Wednesday, 31 March 2021
Post-European Council Meeting: Statements
In regard to what Deputy O'Donoghue said about Ireland not being mentioned in the conclusions - or minutes, as the Deputy calls them - of the European Council, he should look back at all the conclusions of previous Council meetings and all the records of discussions at the General Affairs Council and in the European Parliament, particularly since Brexit. I honestly think he will find that no country has been mentioned more than Ireland in terms of the effects of Brexit. I urge him to look back at all the other Council conclusions and all the other discussions that have taken place. Our officials have been working hard for us on a broad range of issues.
I agree with some of the points raised by the Deputy. Brexit has brought huge inconveniences. However, the problem is not the European Union or the Government. The problem is the fact of Brexit. We did not decide that there should be customs barriers with Britain. Britain decided to leave the Single Market, the customs union and the European Union. It does not want to align with the standards for our products. In the case of cabotage, for example, an absolutely huge effort was undertaken by our officials to negotiate what has been negotiated in that area. There are huge efforts under way by officials and Ministers to make sure the protocol for Northern Ireland is implemented. There is a huge effort being made to resolve some of the issues referred to by Deputy Flaherty. The problem is Brexit. The problem is that our nearest neighbour and trading partner has left the European Union. We have been working really hard over the past number of years, on a cross-party basis, to make sure the negative effects of that are ameliorated to the greatest extent possible. However, we cannot bring back what we had before because Britain, in its wisdom, although I do not think it was very wise, decided to leave the Union.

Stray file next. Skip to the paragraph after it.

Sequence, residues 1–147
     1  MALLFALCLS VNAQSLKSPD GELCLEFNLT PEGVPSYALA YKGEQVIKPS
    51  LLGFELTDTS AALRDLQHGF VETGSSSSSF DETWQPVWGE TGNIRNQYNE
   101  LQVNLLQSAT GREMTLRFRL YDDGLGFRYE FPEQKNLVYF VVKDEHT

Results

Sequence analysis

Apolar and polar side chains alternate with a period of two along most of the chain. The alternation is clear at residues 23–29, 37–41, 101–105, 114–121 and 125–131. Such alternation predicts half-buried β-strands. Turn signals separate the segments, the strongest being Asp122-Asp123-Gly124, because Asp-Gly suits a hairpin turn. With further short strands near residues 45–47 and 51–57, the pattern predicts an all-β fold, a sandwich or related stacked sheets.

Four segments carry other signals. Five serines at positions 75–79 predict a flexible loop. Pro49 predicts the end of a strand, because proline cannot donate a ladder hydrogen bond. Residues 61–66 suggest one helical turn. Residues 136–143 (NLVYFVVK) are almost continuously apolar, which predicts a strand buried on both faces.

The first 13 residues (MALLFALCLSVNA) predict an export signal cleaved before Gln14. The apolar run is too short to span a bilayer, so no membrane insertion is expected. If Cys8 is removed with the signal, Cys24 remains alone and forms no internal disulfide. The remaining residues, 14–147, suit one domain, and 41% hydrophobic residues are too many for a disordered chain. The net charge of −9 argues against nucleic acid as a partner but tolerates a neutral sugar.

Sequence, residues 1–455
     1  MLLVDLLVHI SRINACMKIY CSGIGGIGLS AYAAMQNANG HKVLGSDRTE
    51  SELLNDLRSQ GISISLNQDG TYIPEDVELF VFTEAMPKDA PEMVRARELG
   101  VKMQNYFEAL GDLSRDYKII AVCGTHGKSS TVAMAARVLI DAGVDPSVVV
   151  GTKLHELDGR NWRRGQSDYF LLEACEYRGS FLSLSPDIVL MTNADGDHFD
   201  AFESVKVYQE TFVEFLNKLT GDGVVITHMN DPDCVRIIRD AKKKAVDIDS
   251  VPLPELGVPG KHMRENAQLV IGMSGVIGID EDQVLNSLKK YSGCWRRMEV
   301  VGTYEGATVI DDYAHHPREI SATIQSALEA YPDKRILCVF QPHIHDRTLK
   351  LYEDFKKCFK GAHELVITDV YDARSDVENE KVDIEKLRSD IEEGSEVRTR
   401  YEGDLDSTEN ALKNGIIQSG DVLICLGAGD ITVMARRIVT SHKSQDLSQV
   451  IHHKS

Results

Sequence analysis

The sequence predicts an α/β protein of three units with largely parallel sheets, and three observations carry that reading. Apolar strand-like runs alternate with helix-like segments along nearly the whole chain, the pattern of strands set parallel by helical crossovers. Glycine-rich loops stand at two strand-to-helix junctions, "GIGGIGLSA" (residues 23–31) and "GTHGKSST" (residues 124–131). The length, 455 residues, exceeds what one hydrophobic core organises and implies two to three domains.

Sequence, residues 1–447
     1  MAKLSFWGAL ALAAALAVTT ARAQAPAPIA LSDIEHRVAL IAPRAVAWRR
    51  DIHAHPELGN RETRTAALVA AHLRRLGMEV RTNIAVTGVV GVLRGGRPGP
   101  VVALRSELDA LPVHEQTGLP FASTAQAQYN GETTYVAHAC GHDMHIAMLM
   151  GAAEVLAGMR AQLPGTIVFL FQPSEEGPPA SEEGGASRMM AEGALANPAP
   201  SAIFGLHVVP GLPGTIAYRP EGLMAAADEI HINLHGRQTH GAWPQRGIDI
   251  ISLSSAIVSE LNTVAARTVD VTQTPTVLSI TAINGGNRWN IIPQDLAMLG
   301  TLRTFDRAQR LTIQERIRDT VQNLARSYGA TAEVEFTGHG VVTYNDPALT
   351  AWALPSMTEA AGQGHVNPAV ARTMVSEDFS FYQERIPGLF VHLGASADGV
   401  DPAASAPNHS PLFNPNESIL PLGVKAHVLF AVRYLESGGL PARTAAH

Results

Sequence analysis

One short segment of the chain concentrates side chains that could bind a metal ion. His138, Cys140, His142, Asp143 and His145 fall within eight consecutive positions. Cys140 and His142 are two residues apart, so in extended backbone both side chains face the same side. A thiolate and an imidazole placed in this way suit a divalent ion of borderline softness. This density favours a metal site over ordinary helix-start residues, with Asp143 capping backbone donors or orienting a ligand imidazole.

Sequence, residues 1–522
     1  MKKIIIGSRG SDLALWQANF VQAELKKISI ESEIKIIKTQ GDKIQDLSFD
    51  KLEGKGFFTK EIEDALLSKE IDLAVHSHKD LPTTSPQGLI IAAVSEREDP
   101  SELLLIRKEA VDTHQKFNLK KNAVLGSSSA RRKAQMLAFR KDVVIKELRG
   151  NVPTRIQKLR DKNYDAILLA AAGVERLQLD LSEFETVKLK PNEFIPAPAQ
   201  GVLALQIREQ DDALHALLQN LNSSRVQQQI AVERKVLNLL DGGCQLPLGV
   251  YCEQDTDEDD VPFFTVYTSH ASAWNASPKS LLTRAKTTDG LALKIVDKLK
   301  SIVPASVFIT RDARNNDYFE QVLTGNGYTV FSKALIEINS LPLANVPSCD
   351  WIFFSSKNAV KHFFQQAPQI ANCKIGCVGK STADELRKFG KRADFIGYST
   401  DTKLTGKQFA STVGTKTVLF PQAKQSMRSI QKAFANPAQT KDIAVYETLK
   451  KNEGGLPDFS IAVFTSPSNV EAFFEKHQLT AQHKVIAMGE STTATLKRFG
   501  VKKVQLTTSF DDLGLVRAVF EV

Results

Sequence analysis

A number of speakers, including Deputies Cathal Crowe, Haughey, Brendan Smith, McNamara, Howlin and O'Donnell, raised the issue of vaccine supply. In regard to the projections for quarter 2, which is starting this week, Deputies should note that approximately 100 million doses have been delivered to EU member states up to now. That is almost on target, as are our own figures. We have managed to get 95% of the delivered vaccines into people's arms within a week. That has been a huge challenge. In the case of Moderna, as I understand it, it is necessary to hold back vaccine for the second dose. We are not doing that with the other vaccines. The projection for quarter 2 is that 360 million vaccines will be delivered on a European basis. That is made up of 200 million Pfizer vaccines, 35 million Moderna vaccines, 70 million AstraZeneca vaccines - that company has contracted to deliver significantly more than that - and 55 million Johnson & Johnson vaccines. It is important to note that the latter is a single-dose vaccine. I understand that 55 million Johnson & Johnson vaccines are equivalent to 110 million doses of a different vaccine. The leaders agreed at the European Council that the pro ratasystem that has been implemented for the distribution of vaccines will continue. There have been various media reports on how we will benefit from that. There is no question but that deliveries are ramping up. Deputy Ó Murchú mentioned Commissioner Thierry Breton and the work he is doing in this area. There is a huge effort under way and we are beginning to see the fruits of that.
Before I move on to digital green certificates, I want to put some matters on the record.